Stationary points and their behavior of : $x' = y-x^3, y' = -x + y^3$ via Linearisation

Find the stationary points of the following system and discuss their behavior using Linearisation

$$x'=y-x^3,y'=-x+y^3$$

My solution and where I'm stuck :

To find the stationary points, we'll solve the system :

$$\begin{cases} y-x^3= 0\\ -x + y^3 =0 \end{cases}$$

which yields the following stationary points :

$$A=(0,0)$$ $$B=(-1,-1)$$ $$C=(1,1)$$

To discuss their behavior, I'll start off by calculating the Jacobian of the non-linear system :

$$J(x,y) = \begin{bmatrix} -3x^2 & 1 \\ -1 & 3y^2 \end{bmatrix}$$

Now, we'll calculate the eigenvalues of the Jacobian at each of the stationary points to make a case about their behavior and their character :

$$J(0,0) = \begin{bmatrix} 0 & 1 \\ -1 & 0\end{bmatrix}$$

so, we get $\det(J(0,0)-λI)=λ^2 +1=0\Leftrightarrow λ = \pm i$

Now, this is exactly where I'm stuck. I know that generally, when we have purely imaginary eigenvalues, it means we have a center, but in a case of an almost linear system, the topological equality for centers does not hold between it and it's linearised system. That means, that I need a different condition to determine whether the point $A=(0,0)$ is a center or that if it is a focus/spiral for the almost-linear/non-linear system.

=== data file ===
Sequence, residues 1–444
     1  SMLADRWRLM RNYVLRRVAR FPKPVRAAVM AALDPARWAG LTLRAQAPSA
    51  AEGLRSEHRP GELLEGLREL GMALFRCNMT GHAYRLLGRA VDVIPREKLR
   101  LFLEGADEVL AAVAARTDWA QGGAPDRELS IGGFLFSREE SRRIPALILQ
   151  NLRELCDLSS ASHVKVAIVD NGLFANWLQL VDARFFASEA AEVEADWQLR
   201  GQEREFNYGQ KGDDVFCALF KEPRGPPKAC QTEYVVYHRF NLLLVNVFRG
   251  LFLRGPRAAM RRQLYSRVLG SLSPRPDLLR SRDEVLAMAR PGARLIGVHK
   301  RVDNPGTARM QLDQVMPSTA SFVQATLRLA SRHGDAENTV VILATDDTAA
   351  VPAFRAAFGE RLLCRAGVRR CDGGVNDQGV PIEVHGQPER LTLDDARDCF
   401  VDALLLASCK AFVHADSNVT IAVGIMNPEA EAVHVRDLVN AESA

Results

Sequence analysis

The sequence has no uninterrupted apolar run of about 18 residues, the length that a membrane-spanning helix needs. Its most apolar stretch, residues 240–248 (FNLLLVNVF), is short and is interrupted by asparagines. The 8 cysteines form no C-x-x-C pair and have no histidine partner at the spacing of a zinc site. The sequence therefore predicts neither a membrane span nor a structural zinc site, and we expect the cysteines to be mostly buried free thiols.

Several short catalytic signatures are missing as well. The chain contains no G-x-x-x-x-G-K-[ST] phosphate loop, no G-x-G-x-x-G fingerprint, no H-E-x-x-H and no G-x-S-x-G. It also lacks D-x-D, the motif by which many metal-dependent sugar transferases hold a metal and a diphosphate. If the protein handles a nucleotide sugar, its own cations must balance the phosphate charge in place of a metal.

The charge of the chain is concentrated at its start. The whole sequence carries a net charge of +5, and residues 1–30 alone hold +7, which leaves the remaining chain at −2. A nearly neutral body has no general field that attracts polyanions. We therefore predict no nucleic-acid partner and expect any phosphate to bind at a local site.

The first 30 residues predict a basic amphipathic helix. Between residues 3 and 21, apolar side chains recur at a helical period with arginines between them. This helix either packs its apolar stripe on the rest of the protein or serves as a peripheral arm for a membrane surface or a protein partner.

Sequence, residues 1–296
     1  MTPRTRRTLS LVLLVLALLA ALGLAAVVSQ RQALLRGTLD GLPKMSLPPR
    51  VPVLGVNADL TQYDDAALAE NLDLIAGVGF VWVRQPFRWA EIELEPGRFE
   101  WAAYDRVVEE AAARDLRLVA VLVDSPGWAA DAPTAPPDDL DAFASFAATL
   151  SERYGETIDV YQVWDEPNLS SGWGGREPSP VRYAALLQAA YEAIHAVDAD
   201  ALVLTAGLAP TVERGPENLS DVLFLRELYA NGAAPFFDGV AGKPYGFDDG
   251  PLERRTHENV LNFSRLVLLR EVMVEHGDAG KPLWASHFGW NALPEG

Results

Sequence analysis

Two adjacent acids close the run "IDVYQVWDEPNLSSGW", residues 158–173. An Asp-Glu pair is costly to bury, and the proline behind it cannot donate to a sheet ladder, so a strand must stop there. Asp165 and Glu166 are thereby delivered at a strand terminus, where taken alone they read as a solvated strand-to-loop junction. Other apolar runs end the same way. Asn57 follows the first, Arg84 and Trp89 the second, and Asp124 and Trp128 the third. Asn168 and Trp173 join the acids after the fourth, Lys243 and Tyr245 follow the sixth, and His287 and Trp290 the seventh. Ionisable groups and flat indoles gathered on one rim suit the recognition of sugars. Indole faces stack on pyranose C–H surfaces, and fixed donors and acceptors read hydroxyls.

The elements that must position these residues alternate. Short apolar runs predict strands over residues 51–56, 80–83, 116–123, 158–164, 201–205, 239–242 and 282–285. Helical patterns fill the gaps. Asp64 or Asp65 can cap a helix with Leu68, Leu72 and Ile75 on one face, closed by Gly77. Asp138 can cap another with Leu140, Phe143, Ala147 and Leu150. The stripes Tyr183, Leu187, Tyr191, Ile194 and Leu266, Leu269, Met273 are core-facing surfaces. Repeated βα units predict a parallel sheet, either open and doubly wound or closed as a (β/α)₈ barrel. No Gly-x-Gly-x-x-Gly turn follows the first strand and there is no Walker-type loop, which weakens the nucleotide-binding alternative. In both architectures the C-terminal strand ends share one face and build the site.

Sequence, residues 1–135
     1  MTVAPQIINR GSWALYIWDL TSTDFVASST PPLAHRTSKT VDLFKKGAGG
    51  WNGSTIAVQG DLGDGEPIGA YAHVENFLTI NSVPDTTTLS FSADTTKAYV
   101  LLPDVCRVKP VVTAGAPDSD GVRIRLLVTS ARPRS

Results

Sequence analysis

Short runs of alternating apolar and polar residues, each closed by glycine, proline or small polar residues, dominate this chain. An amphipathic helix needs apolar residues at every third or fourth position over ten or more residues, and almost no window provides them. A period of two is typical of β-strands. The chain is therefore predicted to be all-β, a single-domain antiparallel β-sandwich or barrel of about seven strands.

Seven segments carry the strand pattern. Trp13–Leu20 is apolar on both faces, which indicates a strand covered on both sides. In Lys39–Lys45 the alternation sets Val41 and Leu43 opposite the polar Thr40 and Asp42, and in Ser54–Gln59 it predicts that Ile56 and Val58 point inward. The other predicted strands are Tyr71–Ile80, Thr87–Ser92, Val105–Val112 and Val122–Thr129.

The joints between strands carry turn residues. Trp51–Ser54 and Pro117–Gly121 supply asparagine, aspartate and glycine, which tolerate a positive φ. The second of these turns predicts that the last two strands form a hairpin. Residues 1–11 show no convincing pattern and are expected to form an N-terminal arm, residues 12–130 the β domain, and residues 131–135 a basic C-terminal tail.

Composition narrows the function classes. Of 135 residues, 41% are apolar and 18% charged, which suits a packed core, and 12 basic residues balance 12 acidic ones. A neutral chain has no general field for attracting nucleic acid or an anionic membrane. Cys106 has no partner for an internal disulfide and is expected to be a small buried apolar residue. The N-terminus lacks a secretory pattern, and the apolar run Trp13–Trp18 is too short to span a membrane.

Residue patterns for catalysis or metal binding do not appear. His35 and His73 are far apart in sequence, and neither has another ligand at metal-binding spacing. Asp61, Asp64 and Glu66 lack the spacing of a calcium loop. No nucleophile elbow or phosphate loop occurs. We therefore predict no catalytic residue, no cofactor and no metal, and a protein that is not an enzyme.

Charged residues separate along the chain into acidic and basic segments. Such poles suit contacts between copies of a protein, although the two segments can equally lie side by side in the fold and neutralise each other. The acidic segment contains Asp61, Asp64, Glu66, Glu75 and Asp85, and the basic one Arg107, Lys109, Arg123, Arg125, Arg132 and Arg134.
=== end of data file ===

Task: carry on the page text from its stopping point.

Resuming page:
I have been stuck on exercises that have purely imaginary eigenvalues for some days now, since I cannot find any examples related on our book or on the internet that will help me understand what I have to do in such cases (I'm Greek, so maybe I'm searching it in internet/global textbooks using wrong terminology).

I think my question is straight forward as in previous questions, some people wondered what I was asking.

I am asking exactly the following : What do I need to do to in order to discuss whether a stationary point that leads to purely imaginary eigenvalues on the linearised system/Jacobian, is either a center or a focus ?

Please, I would really appreciate anyone that can tell me what I have to do in such cases since I've found myself stuck on numerous exercises, not knowing what I have to do and not being able to find anything myself via studying, searching or trying.

• The general approach exists for sure and the solution is called Lyapunov coefficients. On MSE you can refer for Lyapunov coefficients to this answer. While the problem in this question is different from yours, you still can try to compute first and second Lyapunov coefficients using that answer. – Evgeny Nov 16 '17 at 11:00
• @Evgeny I'm afraid we haven't been taught about Lyapunov coefficients, which I am 100% sure about as I've been at every lecture. There should be another way. I am currently considering of the standard linearisation conditions involving polar transformations. – Rebellos Nov 16 '17 at 11:25

In your case note that $$xx'+yy'=-x^4+y^4.$$ Along the line $x=0$ we have $$(x^2+y^2)'=2(xx'+yy')>0$$ outside the origin and so the origin is unstable.
Some people would describe this solution as using Lyapunov functions (namely $x^2+y^2$) although this is not a standard nomenclature.
• No: as I said, $(x^2+y^2)'>0$ along that line so the type of stability is quite obvious right? – John B Nov 16 '17 at 23:53